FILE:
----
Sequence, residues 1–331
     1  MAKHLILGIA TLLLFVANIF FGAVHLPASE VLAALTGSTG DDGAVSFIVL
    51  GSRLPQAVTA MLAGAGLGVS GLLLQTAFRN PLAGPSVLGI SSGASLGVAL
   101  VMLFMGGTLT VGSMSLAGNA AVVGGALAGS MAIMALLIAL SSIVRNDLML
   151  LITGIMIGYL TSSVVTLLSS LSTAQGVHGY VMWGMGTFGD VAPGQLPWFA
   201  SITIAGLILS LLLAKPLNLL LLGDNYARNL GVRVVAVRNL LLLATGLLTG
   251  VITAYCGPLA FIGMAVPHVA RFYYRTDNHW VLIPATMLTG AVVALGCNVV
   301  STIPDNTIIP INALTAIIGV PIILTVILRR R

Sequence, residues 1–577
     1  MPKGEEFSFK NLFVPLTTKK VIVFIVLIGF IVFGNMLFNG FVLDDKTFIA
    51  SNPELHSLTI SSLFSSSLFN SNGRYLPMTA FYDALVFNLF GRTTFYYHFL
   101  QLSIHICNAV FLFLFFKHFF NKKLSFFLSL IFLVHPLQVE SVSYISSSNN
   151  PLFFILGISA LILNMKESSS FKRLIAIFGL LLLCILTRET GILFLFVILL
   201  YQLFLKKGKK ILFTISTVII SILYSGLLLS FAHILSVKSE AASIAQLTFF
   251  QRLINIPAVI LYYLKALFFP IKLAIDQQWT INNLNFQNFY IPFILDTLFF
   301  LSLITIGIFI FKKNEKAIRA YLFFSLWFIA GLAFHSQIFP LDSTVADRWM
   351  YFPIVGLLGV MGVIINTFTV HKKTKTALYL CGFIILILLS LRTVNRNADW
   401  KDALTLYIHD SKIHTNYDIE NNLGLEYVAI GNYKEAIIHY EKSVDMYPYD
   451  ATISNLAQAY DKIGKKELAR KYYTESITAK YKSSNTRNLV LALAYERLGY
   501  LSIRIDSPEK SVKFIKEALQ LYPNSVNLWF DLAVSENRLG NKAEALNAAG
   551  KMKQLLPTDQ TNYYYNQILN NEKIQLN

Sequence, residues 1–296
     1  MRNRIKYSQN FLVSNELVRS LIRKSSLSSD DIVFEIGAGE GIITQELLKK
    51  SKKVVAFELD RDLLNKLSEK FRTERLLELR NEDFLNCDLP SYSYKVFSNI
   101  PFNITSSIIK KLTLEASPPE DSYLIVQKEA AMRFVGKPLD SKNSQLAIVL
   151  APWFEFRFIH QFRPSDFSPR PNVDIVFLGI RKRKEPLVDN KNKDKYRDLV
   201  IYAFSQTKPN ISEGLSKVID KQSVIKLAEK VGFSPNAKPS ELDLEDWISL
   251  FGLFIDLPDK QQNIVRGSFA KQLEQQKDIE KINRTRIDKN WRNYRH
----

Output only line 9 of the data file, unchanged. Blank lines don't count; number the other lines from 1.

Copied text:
Sequence, residues 1–577